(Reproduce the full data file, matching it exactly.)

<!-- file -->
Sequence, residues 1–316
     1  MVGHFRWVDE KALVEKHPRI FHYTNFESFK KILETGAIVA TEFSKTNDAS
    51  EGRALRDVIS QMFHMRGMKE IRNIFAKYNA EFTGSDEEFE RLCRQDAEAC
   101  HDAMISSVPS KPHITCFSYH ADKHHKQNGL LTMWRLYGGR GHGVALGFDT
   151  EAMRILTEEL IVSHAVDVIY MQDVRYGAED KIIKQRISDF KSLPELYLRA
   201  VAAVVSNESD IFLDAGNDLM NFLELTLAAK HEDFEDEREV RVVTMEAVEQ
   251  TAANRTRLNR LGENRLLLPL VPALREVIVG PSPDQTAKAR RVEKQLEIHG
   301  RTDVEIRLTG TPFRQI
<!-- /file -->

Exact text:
Sequence, residues 1–316
     1  MVGHFRWVDE KALVEKHPRI FHYTNFESFK KILETGAIVA TEFSKTNDAS
    51  EGRALRDVIS QMFHMRGMKE IRNIFAKYNA EFTGSDEEFE RLCRQDAEAC
   101  HDAMISSVPS KPHITCFSYH ADKHHKQNGL LTMWRLYGGR GHGVALGFDT
   151  EAMRILTEEL IVSHAVDVIY MQDVRYGAED KIIKQRISDF KSLPELYLRA
   201  VAAVVSNESD IFLDAGNDLM NFLELTLAAK HEDFEDEREV RVVTMEAVEQ
   251  TAANRTRLNR LGENRLLLPL VPALREVIVG PSPDQTAKAR RVEKQLEIHG
   301  RTDVEIRLTG TPFRQI